1. The North Carolina

Looking for an extra spooky dive? Check out the North Carolina’s ghostly “deadeyes” in rows along her deck railings – the uncanny sailing riggings look just like cartoon skulls. At depths between 25 and 45 feet, she makes for an eerie visit whether taking a shallow dive as a beginner or diving into the deep. Hailing from Liverpool, this 250-foot English iron hull sank on New Year’s Day in 1880 when she ran aground southwest of Bermuda. Despite attempts to raise her, she remains in the depths of the sea sitting upright with a collapsed mid-section.

  1. The Montana and the Constellation

Get a two-for-one dive in when you visit the Montana and the Constellation, uniquely stacked on top of each other to the northwest of Bermuda. The Montana wreck dates back to 1863 – the Civil War era blockade runner hit a shallow reef and down she went. The Constellation followed eighty years later in 1943 and some reports state that the Montana’s bow took her down! The American cargo ship was carrying building materials and scotch when she went down, so divers can view stacks of cement bags and glassware when they explore these shallow waters.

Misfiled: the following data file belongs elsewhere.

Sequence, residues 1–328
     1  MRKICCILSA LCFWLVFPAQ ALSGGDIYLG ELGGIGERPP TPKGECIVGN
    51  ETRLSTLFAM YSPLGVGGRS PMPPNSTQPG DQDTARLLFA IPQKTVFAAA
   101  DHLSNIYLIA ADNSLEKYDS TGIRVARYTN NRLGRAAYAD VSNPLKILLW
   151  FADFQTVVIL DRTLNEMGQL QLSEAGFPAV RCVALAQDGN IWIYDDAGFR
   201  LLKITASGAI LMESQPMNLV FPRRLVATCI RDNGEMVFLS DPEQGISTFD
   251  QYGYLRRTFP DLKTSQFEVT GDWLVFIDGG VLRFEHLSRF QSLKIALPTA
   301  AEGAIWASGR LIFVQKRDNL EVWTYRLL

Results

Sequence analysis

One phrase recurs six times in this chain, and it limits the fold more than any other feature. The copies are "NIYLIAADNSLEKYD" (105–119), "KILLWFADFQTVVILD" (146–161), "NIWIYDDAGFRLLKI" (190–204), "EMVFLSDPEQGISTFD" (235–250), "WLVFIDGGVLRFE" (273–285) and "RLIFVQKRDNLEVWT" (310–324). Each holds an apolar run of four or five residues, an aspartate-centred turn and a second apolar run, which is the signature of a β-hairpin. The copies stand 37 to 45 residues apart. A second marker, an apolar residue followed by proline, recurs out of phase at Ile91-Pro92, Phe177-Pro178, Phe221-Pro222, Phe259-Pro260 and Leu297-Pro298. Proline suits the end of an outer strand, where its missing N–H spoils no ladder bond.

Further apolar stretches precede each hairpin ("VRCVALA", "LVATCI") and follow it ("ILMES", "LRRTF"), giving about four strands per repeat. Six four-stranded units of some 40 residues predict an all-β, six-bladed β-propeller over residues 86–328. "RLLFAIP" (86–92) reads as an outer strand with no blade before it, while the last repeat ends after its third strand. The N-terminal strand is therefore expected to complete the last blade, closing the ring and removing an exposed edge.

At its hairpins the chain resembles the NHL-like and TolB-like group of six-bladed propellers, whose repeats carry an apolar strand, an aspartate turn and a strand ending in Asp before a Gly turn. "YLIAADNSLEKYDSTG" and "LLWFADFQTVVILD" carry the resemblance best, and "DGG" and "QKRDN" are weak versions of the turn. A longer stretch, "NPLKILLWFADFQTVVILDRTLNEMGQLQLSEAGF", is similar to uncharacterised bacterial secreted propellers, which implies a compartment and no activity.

1. The Hermes

Explore the outside or inside of Hermes, a freighter that experienced engine trouble and was abandoned by her crew. Built in 1943, the lonely ship was deserted until 1984 when she was acquired by the Bermuda Dive Association and turned into a sunken artificial reef. She’s known as a highly photogenic beauty with fantastic visibility. Fully intact with her mast pointing to the surface, Hermes has come a long way from desertion as one of Bermuda’s most popular dive sites.